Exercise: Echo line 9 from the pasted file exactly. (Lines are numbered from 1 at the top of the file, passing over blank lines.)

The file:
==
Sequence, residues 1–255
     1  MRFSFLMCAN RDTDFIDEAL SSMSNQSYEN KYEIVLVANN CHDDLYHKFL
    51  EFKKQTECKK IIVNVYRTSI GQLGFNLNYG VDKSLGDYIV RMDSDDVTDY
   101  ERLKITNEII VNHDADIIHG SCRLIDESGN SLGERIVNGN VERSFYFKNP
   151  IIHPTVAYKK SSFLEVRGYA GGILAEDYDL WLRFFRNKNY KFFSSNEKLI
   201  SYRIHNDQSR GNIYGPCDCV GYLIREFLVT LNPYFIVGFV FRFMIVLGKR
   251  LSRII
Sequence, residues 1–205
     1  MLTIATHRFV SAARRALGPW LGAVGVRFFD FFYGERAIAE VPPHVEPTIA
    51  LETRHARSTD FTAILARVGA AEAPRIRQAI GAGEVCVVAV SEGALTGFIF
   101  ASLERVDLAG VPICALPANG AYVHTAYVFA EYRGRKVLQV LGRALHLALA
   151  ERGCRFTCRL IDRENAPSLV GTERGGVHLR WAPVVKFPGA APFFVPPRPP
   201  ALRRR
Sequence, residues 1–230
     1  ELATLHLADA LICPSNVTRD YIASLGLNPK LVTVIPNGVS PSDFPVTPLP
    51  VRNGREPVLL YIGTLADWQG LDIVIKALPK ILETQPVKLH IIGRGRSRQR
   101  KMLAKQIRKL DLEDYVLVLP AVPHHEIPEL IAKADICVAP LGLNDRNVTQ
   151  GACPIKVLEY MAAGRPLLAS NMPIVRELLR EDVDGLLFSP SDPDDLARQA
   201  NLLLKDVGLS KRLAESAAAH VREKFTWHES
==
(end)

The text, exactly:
     1  MLTIATHRFV SAARRALGPW LGAVGVRFFD FFYGERAIAE VPPHVEPTIA